Top negotiators from the mainland and Taiwan made a breakthrough yesterday by announcing the plan to launch negotiations on the much-anticipated cross-Straits free-trade deal.
The Economic Cooperation Framework Agreement (ECFA) signifies a major effort on both sides to boost economic ties. Initiated by Taiwan leader Ma Ying-jeou of the ruling Kuomintang, it will help cut import tariffs and aims to normalize trade across the Straits.
The decision to launch negotiations was made during a two-hour meeting between Beijing's top envoy Chen Yunlin and his Taiwan counterpart Chiang Pin-kung.
Chen, president of the Association for Relations Across the Taiwan Straits (ARATS), stressed yesterday that the potential deal "is purely an economic matter that will not touch upon politically sensitive issues."
The meeting with Chiang, chairman of the Straits Exchange Foundation (SEF), was their fourth since June of last year. Chiang said the proposal will be a key issue in the next round of talks, expected to be held on the mainland in the first half of next year.
"Both sides agreed that negotiations for the deal should begin as soon as possible and will be conducted in a gradual way," said Chiang, who declined to give an exact timetable. "Such a complicated issue cannot be completed in a single stroke."
He stressed that the ECFA is necessary for jointly tackling the global economic recession and challenges of globalization.
Scant details about the possible deal were released yesterday. Covering trade in goods and services as well as investment, it is expected to pave the way to scrap Taipei's current restrictions on mainland investment and products.
Zheng Lizhong, Chen's deputy, said that in pushing for the deal, the mainland will "give full consideration to the scale of Taiwan's economy and market".
"We will try hard to strive for maximum benefits at minimum cost," he said.
The assurance was apparently aimed at easing critics who have expressed concern over the island's efforts to bridge ties with the mainland.
Hundreds of protesters gathered outside the meeting site, a massive drop from the tens of thousands who initially filled Taichung's streets when Chen arrived.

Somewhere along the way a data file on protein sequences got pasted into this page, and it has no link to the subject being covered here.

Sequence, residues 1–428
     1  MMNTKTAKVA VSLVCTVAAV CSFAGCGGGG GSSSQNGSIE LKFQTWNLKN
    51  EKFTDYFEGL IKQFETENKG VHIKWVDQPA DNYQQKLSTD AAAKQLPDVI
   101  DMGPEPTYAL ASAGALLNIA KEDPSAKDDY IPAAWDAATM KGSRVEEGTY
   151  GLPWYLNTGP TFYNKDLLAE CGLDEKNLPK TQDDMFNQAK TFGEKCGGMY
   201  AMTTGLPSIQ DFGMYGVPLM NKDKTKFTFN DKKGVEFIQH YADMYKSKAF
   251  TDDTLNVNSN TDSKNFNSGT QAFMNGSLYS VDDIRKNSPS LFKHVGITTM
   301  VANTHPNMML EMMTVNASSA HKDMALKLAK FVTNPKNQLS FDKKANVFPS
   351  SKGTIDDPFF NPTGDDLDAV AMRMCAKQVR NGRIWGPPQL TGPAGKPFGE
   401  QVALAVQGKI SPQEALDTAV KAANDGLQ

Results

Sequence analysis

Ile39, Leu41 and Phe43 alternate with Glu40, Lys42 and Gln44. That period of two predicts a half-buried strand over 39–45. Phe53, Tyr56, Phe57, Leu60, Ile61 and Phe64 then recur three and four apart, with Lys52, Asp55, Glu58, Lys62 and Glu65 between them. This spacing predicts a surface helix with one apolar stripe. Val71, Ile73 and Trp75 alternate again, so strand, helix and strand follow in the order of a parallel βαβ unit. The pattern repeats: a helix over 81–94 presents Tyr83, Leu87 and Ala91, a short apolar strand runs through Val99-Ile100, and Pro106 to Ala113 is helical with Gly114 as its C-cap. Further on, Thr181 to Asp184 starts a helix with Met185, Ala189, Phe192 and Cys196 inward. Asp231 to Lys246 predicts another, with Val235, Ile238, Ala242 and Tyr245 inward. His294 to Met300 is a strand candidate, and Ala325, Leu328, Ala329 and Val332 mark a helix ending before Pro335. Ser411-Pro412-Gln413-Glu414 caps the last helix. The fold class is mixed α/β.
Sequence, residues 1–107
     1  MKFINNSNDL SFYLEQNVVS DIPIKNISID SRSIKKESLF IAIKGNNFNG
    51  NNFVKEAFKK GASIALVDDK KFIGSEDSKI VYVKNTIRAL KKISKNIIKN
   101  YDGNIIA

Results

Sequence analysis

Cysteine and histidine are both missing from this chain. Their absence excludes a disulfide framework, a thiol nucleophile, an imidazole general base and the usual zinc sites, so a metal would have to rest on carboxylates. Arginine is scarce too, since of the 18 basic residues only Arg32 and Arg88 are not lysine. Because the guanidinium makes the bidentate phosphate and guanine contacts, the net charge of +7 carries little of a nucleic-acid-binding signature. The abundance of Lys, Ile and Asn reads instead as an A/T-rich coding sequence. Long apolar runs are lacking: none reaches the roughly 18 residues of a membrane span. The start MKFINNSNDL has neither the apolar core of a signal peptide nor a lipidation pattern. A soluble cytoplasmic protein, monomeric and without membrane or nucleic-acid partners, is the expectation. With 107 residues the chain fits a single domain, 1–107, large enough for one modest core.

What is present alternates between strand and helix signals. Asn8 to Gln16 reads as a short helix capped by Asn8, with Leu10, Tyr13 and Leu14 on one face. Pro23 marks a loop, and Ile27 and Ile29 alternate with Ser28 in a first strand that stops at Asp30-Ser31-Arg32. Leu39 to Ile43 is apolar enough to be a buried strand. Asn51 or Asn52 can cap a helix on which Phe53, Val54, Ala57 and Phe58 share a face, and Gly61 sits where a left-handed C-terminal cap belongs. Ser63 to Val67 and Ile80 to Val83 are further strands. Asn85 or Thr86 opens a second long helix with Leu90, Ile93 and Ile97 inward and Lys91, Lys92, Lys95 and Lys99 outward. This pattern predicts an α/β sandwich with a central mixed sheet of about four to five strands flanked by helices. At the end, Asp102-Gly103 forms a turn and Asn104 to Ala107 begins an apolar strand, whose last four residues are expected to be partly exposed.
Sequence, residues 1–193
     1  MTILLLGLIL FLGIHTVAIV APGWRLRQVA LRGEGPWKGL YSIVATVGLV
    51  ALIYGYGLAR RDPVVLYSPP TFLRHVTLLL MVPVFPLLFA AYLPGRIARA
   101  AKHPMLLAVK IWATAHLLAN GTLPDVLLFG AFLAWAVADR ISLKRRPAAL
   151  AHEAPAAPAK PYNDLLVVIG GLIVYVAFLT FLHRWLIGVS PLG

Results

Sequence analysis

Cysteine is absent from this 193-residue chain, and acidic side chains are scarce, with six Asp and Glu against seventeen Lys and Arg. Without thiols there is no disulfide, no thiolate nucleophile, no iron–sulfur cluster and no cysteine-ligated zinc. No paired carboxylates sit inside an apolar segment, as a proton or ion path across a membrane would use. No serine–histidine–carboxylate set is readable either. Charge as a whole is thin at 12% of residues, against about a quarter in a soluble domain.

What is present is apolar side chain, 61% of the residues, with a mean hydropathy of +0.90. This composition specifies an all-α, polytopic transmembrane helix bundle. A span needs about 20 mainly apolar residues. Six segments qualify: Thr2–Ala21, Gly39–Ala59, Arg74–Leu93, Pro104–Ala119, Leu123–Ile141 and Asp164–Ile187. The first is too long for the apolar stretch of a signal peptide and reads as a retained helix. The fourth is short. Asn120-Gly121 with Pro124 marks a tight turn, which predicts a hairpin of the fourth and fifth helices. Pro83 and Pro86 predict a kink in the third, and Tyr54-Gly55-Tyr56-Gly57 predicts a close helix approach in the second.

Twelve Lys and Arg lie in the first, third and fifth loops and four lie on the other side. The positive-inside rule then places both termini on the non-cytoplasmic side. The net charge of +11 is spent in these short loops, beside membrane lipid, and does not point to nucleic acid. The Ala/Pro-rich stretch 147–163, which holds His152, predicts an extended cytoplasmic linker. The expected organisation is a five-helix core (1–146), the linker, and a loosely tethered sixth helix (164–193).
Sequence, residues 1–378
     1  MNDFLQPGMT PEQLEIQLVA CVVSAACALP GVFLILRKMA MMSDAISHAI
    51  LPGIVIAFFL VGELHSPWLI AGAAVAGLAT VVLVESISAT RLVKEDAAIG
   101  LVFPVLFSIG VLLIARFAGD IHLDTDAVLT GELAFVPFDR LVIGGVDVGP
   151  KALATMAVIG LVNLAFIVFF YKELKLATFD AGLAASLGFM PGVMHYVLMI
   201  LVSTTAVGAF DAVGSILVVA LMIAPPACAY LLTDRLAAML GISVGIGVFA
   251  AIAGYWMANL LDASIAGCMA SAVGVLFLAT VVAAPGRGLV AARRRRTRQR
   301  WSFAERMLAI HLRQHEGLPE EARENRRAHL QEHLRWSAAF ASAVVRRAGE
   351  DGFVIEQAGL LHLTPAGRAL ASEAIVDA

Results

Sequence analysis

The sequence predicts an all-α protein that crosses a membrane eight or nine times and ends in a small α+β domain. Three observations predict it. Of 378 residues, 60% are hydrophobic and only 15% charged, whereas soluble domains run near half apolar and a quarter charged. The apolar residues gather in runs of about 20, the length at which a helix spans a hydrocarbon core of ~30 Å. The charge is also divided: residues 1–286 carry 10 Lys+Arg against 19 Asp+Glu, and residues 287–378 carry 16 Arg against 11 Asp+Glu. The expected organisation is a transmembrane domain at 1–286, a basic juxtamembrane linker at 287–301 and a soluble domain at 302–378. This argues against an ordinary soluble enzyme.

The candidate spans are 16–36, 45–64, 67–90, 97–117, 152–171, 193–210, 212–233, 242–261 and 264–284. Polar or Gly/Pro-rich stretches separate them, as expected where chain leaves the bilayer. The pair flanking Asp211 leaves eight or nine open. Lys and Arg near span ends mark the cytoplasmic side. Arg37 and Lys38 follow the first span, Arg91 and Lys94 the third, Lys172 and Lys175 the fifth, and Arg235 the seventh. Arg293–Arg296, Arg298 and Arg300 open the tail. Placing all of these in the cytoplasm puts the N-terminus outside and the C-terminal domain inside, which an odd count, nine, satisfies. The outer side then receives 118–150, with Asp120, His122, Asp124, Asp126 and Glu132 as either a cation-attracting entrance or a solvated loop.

In their opening statements, the negotiators pointed out the benefits of closer cooperation.
"Peaceful development between the two sides is the overwhelming trend. No one can stand in its way," Chen said.
Since taking office in May of last year, Ma has eased tension across the Taiwan Straits by turning his back on predecessor Chen Shui-bian's pro-independence policies.
He has pushed a package of initiatives aiming to boost businesses, including regular air and sea links with the mainland and ending across-the-board restrictions on mainland investment in Taiwan.
But the main opposition Democratic Progressive Party (DPP) has opposed Ma's friendly policies towards the mainland.
The DPP says Ma's proposed trade deal will flood the island with cheap mainland products, prompting massive job losses.
Ma has "turned blind eye to the possibility that jobs will be lost" if he signs the agreement, DPP Chairwoman Tsai Ing-wen told tens of thousands of pro-independence demonstrators who marched through Taichung's streets on Sunday, a day ahead of Chen's arrival.
Ma rejected that assertion, saying the deal is necessary to prevent Taiwan's economic marginalization amid growing commercial ties between Beijing and neighboring Asian countries.
Chen and Chiang also signed three agreements on labor cooperation in the fishing industry, cooperation in inspection and quarantine of farm produce, and cooperation in measuring of standards, inspection and certification.